Here's The Tiny Human Twig in The Tree of Life

This is what 3.5 billion years of evolution looks like. Time to meet your relatives.

BEC CREW
14 DEC 2014
 

Created as part of a collaboration between the Tree of Life Web Project and designer Leonard Eisenberg, this epic infographic is one monster family tree, showing the history of 3.5 billion years of life on Earth.

 

Click here for a much larger version, courtesy of Fast Company.

The Tree of Life Web Project aims to collect pictures, text and other information on every species, both living and extinct, with the help of expert and amateur contributors. Here they show how all of life - from plants and fungi to sharks, fish, mammals, and humans - all sprung from the humble bacterium, a creature that has spent billions of years spreading to every corner of the Earth.

The Tree of Life team says the infographic has been drawn to show all the major - and some of the minor - branches of life tied to a geologic time scale, in the shape of rainbow tree. You can also see how major events of extinction, such as the dinosaurs, have gone extinct, and from there, biodiversity branched out to fill the ecological gaps.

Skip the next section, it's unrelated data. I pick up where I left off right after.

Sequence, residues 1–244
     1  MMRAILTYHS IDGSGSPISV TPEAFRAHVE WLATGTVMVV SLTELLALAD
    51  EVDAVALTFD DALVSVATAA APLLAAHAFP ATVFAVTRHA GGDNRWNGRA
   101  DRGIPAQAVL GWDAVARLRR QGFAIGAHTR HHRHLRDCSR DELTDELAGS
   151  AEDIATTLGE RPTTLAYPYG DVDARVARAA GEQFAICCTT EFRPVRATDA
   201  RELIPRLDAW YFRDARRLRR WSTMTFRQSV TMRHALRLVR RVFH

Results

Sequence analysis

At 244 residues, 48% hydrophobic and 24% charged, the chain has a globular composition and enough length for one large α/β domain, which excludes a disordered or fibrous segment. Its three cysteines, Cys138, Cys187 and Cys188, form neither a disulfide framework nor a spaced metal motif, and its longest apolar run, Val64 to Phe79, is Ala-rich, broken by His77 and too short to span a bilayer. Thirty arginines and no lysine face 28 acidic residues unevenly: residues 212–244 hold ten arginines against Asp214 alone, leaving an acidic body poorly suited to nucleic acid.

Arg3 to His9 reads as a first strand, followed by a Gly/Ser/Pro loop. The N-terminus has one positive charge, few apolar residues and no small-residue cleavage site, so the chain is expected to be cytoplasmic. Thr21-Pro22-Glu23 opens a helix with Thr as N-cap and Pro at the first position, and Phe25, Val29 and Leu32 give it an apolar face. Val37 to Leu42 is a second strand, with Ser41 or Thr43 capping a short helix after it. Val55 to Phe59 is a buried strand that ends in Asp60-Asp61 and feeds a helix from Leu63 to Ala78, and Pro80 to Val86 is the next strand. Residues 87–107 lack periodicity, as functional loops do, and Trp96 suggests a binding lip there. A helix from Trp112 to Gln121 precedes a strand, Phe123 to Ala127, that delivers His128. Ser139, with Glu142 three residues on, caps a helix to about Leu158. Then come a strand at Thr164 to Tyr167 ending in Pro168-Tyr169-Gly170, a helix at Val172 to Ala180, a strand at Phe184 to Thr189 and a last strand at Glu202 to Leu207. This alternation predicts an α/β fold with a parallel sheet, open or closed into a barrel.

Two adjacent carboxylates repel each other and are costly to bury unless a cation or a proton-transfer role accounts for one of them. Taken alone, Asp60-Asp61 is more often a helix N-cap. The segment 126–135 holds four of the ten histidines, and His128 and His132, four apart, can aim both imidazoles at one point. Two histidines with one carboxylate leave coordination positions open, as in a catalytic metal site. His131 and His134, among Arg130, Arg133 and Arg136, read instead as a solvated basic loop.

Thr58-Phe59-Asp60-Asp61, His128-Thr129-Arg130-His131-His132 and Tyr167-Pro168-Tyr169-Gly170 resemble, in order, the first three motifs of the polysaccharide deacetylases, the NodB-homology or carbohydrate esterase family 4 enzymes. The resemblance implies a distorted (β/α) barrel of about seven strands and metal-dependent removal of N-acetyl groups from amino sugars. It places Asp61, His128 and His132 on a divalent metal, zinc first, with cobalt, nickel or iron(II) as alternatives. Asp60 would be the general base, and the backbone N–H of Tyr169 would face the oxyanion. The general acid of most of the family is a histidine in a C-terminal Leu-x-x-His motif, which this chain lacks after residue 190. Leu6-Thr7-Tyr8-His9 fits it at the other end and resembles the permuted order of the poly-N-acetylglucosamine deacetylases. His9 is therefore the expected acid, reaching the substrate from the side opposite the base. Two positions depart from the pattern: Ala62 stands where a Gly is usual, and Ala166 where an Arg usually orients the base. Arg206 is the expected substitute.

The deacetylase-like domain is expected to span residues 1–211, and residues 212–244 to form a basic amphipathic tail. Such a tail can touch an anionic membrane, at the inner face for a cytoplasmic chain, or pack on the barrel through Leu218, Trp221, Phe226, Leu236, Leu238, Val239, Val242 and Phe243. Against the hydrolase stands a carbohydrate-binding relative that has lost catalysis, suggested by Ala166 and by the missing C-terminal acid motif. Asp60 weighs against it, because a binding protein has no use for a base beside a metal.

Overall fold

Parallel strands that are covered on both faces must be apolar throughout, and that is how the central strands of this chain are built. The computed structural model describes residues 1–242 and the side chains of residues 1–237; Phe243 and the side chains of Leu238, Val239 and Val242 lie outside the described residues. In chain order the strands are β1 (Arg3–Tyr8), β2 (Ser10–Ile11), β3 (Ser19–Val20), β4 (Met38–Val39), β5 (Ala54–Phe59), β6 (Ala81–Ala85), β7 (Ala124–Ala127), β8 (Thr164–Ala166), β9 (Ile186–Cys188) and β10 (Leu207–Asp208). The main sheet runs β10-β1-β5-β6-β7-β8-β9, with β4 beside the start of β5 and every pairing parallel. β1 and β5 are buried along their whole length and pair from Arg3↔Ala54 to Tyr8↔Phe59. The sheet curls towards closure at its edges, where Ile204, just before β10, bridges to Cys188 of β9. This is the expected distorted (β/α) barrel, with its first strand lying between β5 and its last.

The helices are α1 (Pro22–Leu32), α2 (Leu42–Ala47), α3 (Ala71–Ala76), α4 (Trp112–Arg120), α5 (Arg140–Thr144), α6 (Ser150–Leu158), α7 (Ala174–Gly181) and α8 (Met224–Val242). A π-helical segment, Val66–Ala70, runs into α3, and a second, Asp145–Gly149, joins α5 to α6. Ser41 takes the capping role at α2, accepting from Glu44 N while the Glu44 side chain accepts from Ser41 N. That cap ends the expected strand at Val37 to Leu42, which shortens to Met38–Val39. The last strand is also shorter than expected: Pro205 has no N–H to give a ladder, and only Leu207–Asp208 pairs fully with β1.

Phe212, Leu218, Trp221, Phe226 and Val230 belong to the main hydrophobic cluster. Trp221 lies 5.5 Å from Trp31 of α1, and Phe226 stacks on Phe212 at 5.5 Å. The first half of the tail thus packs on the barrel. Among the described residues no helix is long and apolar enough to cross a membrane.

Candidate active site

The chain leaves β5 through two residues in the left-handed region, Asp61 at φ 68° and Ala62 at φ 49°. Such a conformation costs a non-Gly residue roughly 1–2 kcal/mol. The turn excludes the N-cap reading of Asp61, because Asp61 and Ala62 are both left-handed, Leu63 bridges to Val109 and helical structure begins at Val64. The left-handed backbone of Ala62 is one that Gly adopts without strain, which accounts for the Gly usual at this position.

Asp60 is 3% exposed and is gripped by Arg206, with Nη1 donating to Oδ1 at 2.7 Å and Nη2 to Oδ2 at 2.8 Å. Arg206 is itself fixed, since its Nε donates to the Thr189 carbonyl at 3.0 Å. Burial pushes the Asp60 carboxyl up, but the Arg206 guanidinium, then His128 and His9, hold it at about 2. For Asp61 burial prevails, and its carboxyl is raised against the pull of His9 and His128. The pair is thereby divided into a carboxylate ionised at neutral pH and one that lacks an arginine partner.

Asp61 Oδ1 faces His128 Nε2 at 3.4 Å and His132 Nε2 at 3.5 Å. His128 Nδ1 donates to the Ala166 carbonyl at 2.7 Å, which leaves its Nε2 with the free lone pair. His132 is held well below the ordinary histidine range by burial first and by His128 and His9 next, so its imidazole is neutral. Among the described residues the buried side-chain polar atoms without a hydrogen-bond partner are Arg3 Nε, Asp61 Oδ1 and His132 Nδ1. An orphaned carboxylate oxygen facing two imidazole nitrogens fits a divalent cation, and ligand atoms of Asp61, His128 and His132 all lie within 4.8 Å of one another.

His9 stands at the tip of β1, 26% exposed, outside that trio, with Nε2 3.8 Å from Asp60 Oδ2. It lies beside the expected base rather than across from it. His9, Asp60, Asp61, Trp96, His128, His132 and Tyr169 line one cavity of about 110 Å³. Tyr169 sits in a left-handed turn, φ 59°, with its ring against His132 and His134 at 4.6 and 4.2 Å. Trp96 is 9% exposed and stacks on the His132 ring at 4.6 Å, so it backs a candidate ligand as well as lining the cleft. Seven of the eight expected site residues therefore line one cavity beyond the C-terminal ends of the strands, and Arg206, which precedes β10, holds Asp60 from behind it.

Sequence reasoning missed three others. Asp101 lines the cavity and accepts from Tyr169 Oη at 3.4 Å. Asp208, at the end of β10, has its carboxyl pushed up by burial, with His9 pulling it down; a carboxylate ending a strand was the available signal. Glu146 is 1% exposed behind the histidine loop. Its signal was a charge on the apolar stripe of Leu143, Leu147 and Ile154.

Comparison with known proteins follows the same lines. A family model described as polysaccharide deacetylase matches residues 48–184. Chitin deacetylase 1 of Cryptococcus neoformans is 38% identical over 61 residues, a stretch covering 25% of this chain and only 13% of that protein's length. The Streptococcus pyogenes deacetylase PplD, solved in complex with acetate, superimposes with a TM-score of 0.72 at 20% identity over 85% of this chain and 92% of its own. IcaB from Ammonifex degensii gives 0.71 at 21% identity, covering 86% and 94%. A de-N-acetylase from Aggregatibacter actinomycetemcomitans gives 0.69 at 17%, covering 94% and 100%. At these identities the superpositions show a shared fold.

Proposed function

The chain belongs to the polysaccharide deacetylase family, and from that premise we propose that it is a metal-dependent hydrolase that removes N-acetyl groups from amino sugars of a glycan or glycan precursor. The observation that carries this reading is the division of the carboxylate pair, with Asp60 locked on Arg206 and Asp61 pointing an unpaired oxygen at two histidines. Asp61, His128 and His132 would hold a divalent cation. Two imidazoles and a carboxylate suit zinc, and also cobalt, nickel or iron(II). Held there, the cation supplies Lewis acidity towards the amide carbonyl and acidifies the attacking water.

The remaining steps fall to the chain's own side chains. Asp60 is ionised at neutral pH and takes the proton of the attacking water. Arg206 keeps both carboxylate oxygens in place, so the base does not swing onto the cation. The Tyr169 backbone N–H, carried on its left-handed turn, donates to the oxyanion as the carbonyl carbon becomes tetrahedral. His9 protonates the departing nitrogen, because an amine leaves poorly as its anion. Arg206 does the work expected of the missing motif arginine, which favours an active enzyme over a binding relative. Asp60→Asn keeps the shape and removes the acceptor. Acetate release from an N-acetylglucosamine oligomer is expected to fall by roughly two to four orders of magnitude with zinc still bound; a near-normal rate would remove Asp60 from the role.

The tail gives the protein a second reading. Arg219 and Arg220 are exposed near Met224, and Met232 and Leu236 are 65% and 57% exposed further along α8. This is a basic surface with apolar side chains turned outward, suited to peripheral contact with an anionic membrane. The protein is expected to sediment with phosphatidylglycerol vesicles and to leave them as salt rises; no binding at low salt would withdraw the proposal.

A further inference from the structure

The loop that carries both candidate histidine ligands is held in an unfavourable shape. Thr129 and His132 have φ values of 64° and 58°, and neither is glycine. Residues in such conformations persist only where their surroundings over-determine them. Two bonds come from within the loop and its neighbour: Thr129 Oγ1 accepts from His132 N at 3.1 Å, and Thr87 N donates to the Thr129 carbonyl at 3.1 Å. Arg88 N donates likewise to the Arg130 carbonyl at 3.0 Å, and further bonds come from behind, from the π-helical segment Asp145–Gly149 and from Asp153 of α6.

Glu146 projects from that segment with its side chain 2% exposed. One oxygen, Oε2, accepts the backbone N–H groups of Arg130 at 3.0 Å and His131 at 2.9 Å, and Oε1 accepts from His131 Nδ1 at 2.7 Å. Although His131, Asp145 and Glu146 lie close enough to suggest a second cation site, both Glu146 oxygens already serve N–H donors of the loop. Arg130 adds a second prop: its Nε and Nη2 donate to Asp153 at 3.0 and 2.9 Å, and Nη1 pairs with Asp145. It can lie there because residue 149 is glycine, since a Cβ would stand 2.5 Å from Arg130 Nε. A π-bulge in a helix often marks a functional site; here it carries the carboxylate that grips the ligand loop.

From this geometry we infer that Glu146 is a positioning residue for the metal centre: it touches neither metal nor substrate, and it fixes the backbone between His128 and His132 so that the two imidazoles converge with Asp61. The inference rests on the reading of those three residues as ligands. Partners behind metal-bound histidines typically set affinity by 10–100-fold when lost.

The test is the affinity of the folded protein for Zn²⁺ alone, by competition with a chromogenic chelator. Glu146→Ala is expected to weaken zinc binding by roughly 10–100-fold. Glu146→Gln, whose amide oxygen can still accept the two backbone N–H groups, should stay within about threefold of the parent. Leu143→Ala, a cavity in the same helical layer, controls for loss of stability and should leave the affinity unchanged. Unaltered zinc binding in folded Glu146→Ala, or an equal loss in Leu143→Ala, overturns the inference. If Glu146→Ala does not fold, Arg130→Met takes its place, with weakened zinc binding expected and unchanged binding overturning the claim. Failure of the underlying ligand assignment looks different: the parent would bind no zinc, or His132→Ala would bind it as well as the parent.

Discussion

Mark Wilson explains at Fast Company:

"As you look at the graphic, realise that time radiates outward and each kingdom’s appearance is also in chronological order from left to right. What you’ll discern then is a story of origins and mass extinctions, the way life almost bided its time through the Ice Age then hit the gas through the Cambrian Explosion. It was here when the protostomes (everything from trilobites to squids) simply went nuts, and the separation of plants vs. animals as we know them arose.”

Those big white splotches that disrupt various branches throughout the tree represent either extinction events or the end of species whose evolutionary pathway did not lead to further species. 

It’s a pretty sobering thought that humans, all the way down there in the bottom right-hand corner, have been wiping their way through so many species, particularly in the past half a century. 

Source: Fast Company

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